Granted, I had a feeling who the villain might have been halfway into the story, but getting to the finish line was thrilling anyhow. Maybe the next time Hollywood tries to make brand new superheroes, they'll keep Bird and the Incredibles in mind.

In all likelihood, I2 will be the last movie I see at Movieworld before they close in a few weeks. I made sure to take a good look around: the movie posters and pictures of vintage film stars that dotted the box office and the walls; the cafe; the video games off to the side; the hub-like concession stand, etc. I really wanted popcorn, but I was told the salt was mixed in with the kernels. (Cinemart is the same way. A pattern?) It was okay, though.


I was more concerned with the large number of teenagers at this screening. For an afternoon show, it was fairly packed with them. I got a seat near the front, not caring about looking up. I wanted as little contact with them as possible, but surprise surprise, they behaved well during the movie.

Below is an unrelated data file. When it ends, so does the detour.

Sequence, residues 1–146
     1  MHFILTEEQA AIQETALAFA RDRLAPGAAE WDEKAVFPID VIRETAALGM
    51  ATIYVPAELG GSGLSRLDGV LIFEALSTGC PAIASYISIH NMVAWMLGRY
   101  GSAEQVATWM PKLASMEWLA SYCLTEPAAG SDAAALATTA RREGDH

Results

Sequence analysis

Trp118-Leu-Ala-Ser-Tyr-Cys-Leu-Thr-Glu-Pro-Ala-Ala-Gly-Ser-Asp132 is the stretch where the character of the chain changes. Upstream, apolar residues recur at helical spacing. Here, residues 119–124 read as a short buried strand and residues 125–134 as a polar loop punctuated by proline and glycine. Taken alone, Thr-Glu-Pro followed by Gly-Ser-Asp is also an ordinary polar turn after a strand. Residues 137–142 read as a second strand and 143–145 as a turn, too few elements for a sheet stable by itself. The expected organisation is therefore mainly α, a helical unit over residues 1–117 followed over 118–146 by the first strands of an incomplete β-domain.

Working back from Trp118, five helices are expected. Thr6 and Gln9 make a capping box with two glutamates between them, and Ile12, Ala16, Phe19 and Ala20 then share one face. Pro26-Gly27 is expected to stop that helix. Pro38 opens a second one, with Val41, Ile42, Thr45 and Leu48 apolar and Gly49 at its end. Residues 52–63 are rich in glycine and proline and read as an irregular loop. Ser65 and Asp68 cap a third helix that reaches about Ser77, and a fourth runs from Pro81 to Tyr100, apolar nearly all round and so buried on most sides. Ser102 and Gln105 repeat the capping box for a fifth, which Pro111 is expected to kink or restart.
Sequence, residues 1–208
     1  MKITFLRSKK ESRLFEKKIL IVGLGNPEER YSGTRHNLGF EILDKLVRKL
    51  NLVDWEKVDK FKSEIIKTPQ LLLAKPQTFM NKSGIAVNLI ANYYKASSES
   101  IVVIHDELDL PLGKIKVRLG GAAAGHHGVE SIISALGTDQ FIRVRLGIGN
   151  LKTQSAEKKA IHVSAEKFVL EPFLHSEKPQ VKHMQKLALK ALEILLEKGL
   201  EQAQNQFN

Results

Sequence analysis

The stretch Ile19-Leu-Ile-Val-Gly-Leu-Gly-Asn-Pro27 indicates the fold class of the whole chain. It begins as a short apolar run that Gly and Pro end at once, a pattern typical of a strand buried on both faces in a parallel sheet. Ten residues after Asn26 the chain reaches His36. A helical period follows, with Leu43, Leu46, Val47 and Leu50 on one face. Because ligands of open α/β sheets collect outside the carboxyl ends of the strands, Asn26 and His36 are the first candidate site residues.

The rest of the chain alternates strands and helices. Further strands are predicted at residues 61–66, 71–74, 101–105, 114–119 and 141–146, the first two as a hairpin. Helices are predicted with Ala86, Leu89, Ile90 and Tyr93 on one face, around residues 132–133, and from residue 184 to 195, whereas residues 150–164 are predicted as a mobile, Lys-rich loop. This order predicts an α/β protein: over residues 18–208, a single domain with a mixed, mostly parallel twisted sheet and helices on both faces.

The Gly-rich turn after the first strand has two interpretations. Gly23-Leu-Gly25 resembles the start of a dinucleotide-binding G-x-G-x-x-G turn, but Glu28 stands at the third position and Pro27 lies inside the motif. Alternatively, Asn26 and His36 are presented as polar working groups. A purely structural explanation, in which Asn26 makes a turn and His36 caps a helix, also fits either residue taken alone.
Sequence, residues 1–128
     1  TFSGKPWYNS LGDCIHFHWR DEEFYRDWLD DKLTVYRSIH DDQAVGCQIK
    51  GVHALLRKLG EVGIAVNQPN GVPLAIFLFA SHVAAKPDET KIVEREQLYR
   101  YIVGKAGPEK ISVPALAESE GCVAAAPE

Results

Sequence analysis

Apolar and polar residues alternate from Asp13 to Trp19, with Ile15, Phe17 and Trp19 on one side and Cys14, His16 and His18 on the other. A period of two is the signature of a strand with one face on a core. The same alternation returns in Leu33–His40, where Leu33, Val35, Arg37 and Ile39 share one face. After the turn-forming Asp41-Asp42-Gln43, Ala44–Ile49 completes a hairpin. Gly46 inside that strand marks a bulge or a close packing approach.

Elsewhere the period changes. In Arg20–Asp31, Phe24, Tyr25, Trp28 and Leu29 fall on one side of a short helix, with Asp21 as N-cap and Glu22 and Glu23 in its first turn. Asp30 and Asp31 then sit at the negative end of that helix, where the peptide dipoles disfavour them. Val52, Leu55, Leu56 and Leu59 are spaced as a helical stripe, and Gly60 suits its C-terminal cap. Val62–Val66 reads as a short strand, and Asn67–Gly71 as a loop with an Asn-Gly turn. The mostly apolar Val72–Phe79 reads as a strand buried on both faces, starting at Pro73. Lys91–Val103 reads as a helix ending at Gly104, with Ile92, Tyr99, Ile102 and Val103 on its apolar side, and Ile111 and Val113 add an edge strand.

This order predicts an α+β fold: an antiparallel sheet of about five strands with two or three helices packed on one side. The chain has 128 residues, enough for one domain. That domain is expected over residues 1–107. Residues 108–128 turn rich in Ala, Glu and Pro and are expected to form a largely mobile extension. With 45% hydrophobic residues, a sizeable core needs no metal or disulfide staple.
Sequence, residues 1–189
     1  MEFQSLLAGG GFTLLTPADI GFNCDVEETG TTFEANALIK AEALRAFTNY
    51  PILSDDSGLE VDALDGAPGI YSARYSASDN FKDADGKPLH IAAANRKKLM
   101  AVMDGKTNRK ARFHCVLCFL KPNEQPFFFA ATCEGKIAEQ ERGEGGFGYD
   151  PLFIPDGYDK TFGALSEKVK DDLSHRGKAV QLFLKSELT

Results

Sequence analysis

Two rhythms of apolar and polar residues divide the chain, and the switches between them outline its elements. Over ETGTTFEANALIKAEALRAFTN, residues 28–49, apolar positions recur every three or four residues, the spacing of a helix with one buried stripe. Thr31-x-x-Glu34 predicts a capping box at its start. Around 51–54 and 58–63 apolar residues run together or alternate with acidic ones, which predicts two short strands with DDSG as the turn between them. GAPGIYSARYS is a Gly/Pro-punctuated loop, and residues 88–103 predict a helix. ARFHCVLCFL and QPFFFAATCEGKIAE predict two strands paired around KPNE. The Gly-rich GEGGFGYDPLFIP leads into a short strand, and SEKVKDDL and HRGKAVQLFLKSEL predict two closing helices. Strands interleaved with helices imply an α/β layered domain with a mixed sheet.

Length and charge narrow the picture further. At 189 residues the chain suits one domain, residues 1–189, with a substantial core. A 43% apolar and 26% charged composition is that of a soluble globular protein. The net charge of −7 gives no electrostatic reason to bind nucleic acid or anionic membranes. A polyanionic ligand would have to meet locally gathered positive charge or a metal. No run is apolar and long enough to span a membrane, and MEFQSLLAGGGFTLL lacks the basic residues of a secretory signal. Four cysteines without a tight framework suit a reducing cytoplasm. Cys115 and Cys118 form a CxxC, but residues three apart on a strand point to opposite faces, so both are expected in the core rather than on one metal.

To play devil's advocate for a minute: the mall above MW totally looked threadbare without Macy's and with Toys R Us on its last legs. The huge parking lot had enough room to hold a soccer game, there were so few cars. The Modell's was open, but it didn't seem like it. Only Burger King looked active.


I understand the landlord wanting to bring in new business here. If it was a choice between saving the mall by vacating MW or keeping MW but watching the mall wither away, I would not want to have made that decision. The issue, though, is whether or not Lowes really needs the MW space in addition to the former Macy's site. The landlord believes so.

Not much more to say. I'm glad MW was around long enough for me to enjoy it.

Tuesday, June 12, 2018

Movieworld, the jewel of Eastern Queens, to close

From the Facebook page of Movieworld Douglaston, dated June 11:

...The landlord has exercised a clause in the lease that requires us to vacate within 30 days.  We are not closing for any other reason than we are being required to under the terms of our original lease.  A Lowes store will be taking the entire lower level of the shopping center and construction will start right away.... It has been an amazing experience being able to bring movies to all of you.  We encourage everyone to keep going to the movies!

(Thanks to Andrew for the tip)